Spain: Rajoy faces down The Cavaliere factor
12 December 2012
Mario Monti is not the only victim of the Cavaliere's return to politics. His Spanish counterpart is suffering from restive markets and once again has to cope with distrust of southern Europe. It's a risk – but an opportunity to seek support from his partners as well.
“It's the worst news that Spain could have received just now.” Blunt words indeed, spoken yesterday by a member of the government referring to the impact that the Italian political crisis may have on Spain. The government of Mariano Rajoy is not hiding its concern. The uncertainty unleashed by the departure of Mario Monti and, above all, the uncertainty over who can replace him and with what economic programme, has undermined confidence that the markets had begun to place in the European periphery and is jeopardising the plans of the Spanish president to wriggle out from accepting European Union aid.
Until now, the chief executive has succeeded in avoiding the so-called “soft” or “second generation” rescue, thanks to the confidence injected by the European Central Bank (ECB) in September, when it came out with its programme for buying government debt. Rajoy had hoped that the mere existence of this mechanism would continue to frighten away speculators and serve to keep a lid on the risk premium until reforms and adjustments had come into force.
However, the possibility that Silvio Berlusconi may return to power and the sudden exit of the Italian Prime Minister have blown away the calm that had set in among investors.
The political earthquake in Italy opens the door to a scenario in which the new government that forms could step off the path of adjustments and reforms, and so lose the ability to fund itself on the markets. The numbers are there. Berlusconi left the risk premium at 575 basis points, and now, with the European Union having great difficulty coming to decisions and with very little room for manoeuvre, any result at all seems possible.
Return to risk premiums?
A return to the risk premiums of some months back is a distinct possibility. Such premiums would be too high to achieve stable economic growth and so would be unsustainable over the medium term. In short, they would furnish an excuse for speculators to seek their fortunes once more by betting on a collapse of the euro.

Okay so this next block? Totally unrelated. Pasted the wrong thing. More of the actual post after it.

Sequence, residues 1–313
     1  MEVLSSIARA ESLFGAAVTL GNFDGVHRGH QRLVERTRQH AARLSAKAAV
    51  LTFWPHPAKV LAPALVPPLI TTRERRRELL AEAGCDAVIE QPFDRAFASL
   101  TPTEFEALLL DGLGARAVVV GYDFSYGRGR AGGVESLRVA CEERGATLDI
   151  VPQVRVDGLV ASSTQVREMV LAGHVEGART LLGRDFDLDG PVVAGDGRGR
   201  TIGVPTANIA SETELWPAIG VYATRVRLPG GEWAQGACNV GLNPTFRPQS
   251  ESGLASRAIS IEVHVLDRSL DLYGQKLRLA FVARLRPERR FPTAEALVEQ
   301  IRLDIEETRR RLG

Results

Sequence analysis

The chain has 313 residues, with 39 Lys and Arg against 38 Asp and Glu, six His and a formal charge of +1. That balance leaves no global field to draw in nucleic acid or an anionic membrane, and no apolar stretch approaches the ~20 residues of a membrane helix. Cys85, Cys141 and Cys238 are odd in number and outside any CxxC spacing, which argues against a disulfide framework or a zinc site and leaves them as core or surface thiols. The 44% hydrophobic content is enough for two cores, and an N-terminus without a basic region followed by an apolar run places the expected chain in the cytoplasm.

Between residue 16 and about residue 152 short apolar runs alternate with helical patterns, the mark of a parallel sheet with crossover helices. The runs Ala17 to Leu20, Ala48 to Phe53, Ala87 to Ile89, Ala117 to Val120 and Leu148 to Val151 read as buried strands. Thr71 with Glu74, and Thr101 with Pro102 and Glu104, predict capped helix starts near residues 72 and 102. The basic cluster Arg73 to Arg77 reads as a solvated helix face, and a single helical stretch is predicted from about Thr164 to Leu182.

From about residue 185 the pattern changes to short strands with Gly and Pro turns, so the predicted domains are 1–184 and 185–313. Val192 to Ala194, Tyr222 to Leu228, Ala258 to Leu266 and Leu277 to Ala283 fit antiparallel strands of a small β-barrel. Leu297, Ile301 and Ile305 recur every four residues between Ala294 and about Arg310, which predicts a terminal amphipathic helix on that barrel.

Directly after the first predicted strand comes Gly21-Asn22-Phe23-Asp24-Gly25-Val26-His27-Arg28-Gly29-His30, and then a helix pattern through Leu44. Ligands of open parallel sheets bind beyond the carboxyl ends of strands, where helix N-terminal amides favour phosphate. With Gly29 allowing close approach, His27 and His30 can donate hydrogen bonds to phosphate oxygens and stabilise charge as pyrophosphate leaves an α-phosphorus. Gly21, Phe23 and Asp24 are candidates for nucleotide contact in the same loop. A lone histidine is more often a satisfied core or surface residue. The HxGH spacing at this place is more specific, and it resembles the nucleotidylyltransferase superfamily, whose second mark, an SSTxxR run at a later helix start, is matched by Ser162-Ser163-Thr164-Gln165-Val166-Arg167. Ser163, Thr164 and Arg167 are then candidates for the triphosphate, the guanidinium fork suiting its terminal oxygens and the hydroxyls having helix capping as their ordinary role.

Under these circumstances, the chief executive will try to wring the most out of the next European Council, which will be held in Brussels on Thursday and Friday. “Spain is the same today as it was on Friday. However, the market is going to see it differently because of what happened in Italy. It's obvious that the problem is European and has to be resolved in Brussels,” says one member of the government.
Although the prospects of the Spanish delegation are not exactly optimistic, given the fast-approaching German elections in November 2013, some of the prime minister's believe that the Italian crisis is just the thing that can make European partners sit up and notice the risk, prompting them to decide to take more decisive steps towards banking integration. Not surprisingly, as proved by earlier Council meetings, the European Union and especially the German chancellor, Angela Merkel, make greater headway when they are up against the ropes.
Rajoy will demand an agreement from his partners that will let them dispel the doubts that the Italian crisis has stirred up in the markets and insist on the need to have a common firewall to protect some countries from the crises that others are in. In his view, a substantial advance towards the banking union that EU finance ministers are currently negotiating would send the markets the message that the partners will stick together and that the euro is irreversible.
Threat of Berlusconi's return
The president will argue for the agreement to launch the banking union to be signed as soon as possible, with a specific timetable for steps towards implementation. Here he faces opposition from the UK and Germany, the most reluctant to enter any such union, together with the Nordic countries, which think that a banking union is not the solution to the crisis and does not need to be brought in with any urgency. Seeing that Mario Monti will be attending the European Council in a weaker position now that he is on the way out as Italian prime minister, Rajoy will not have the usual backing.
Both the European Commission and the governments fear the consequences of a problem that seemed to have been contained. European Commission President Jose Manuel Barroso called on Italians not to exploit the upcoming elections “as an excuse to doubt the indispensability of the measures taken by the Monti government.” The President of the European Parliament, Martin Schulz, meanwhile, warned that the possible return of Berlusconi “poses a threat” to the stability of Italy and of the EU as a whole.
And more important than Spain having to end up asking for help are the consequences that the open-ended crisis may have on the euro. Senior EU officials acknowledge the reluctance of Germany to allow unlimited bond purchases by the ECB, out of fears that such a move will trigger inflation, and if Berlin decides to put a “stop” on it there will not be enough money to support an economy such as the Italian or Spanish.
The danger for the euro, they recognise, would arise if it became necessary to ask for more contributions from the eurozone countries. “They may not all agree,” they stress.
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